The change from paddocks to a dense urban suburb, and the associated increase in impervious area and stormwater drainage connections, can lead to up to 10 times the volume of stormwater runoff (Burns et al. 2012). In Melbourne during an average year (650mm rainfall), 608GL of stormwater is generated on roofs and roads (equal to more than 300,000 litres per home per year) (Walsh 2017). The focus of stormwater management is on reducing the generated runoff in the drainage system, with attempts to reduce stormwater at the source an exception rather than the norm.

These increases in stormwater runoff cause significant challenges. Firstly, managing increased frequencies and magnitudes of flooding, particularly when this is coupled with hydrologic change due to climate change (Nelson 2009). Secondly, stormwater runoff creates a significant disturbance to receiving streams, degrading them physically and ecologically (Fletcher et al. 2014, Vietz et al. 2016). Thirdly, with urbanisation replenishment of groundwater aquifers is decreased due to lower infiltration; and finally, increased frequencies of stormwater runoff lead to greater pollution entering streams, estuaries and bays (Nelson et al. 2009).

Issues associated with stormwater runoff are rarely accounted for in the development of cities and suburbs. To better manage stormwater and reduce these impacts, we look toward a new approach to cost the impact of development on stormwater runoff. We investigate case studies from Germany, providing an overview of the German experience with the imperviousness fee including why it was introduced, how it was implemented, and some outcomes. The information was gathered through a literature review and interviews with researchers, water industry and government representatives in Germany. We consider how these may assist stormwater management approaches in Australia, and particularly Melbourne.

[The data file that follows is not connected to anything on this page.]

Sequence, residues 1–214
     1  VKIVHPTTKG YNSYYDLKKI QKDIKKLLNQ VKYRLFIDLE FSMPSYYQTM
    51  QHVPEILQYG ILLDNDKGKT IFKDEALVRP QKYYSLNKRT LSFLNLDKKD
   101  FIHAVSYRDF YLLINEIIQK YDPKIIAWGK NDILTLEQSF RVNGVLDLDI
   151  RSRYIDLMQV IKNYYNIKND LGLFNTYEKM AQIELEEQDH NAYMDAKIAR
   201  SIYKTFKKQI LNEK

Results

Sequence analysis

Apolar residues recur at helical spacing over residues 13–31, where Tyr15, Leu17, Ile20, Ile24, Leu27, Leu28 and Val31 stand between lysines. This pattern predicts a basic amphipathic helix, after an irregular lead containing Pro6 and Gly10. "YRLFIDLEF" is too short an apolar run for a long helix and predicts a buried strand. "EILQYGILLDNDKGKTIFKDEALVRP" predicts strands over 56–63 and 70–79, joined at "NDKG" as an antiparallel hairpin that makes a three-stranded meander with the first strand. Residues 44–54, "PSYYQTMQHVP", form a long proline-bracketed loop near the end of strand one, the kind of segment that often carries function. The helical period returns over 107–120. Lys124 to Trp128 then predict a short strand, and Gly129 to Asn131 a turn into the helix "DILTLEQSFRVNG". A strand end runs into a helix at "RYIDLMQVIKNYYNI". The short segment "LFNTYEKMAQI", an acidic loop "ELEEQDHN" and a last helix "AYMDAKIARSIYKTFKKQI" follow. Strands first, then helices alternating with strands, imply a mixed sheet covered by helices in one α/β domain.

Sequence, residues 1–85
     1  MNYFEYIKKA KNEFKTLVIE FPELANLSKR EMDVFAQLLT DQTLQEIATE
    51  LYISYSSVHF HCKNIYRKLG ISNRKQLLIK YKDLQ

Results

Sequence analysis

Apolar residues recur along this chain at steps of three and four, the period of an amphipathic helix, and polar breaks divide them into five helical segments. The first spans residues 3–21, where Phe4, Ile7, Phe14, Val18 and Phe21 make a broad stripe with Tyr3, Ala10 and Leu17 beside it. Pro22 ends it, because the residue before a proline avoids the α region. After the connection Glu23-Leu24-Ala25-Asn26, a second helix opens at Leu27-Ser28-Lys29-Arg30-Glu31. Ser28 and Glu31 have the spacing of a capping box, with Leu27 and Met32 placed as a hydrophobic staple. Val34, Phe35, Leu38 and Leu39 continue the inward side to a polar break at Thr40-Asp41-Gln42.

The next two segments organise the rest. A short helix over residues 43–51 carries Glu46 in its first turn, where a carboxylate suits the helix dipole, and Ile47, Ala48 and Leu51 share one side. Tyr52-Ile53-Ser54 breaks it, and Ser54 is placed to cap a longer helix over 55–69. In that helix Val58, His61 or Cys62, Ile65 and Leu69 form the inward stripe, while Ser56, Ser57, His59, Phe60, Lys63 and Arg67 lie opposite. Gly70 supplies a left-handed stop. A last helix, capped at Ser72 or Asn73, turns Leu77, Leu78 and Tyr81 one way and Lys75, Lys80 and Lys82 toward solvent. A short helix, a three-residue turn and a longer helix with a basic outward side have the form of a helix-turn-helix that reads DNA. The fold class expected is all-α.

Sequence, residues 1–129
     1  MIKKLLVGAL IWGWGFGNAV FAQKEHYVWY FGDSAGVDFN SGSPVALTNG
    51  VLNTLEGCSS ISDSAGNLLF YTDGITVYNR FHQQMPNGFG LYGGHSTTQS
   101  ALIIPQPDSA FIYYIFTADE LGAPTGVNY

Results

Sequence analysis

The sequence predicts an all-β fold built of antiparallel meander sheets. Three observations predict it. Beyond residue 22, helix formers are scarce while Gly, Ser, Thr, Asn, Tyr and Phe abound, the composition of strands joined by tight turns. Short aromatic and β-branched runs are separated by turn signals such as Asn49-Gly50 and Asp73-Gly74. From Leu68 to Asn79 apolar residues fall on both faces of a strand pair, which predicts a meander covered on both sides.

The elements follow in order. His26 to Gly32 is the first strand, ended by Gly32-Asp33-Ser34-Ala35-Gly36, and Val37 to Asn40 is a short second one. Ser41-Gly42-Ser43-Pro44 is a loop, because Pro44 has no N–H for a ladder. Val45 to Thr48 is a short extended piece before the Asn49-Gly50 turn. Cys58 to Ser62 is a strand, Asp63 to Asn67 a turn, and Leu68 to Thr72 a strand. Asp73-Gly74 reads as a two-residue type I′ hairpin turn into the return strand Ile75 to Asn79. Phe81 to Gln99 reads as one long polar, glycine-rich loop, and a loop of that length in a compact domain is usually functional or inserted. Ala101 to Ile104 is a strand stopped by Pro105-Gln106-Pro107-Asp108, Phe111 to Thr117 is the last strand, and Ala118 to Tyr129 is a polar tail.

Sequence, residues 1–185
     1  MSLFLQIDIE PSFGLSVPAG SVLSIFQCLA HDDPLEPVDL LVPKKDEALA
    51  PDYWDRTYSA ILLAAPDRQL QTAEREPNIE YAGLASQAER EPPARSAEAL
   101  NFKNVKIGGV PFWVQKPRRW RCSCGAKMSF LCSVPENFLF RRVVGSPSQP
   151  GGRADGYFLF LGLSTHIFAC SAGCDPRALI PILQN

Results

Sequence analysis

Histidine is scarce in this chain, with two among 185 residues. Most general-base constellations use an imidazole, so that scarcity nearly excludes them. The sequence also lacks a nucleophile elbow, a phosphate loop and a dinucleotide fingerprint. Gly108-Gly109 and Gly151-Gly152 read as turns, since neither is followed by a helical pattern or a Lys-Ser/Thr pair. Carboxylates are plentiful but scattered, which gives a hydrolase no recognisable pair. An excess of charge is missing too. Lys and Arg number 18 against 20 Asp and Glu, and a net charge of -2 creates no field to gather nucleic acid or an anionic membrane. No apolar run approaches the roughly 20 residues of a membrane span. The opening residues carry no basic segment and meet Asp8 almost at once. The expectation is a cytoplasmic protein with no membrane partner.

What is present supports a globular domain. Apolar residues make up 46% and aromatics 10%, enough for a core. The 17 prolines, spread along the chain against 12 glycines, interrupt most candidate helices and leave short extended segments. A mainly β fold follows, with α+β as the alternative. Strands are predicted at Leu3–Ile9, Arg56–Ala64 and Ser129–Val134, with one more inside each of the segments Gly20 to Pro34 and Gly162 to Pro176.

Impediments and benefits of change

Traditionally, stormwater management has focused on urban drainage, seeking to remove it from the landscape as quickly as possible (Burns et al. 2014). Increasingly, the value of reducing stormwater runoff is being recognised. Stormwater is currently managed as a ‘large scale’ problem by the agencies in charge, through construction of large wetlands, large drains, retarding basins, etc. (Burns et al. 2014). The impediment to installing smaller-scale stormwater control devices in streets (e.g. swales, raingardens) or on private houses (e.g. raingardens, rainwater tanks, green roofs) is the cost and maintenance.

The imperative to install such devices is low and often relies on goodwill of councils, authorities and landowners. As stated in Victoria’s water plan, stormwater management is best improved through a mix of tools, including incentives and education as well as regulation (Victorian Government 2016).

Awareness of the issues associated with stormwater runoff is low, with the public, private industry (including developers), and within government (including planners and policy makers). Improved awareness and education on the negative impacts of imperviousness and conventional drainage systems is required.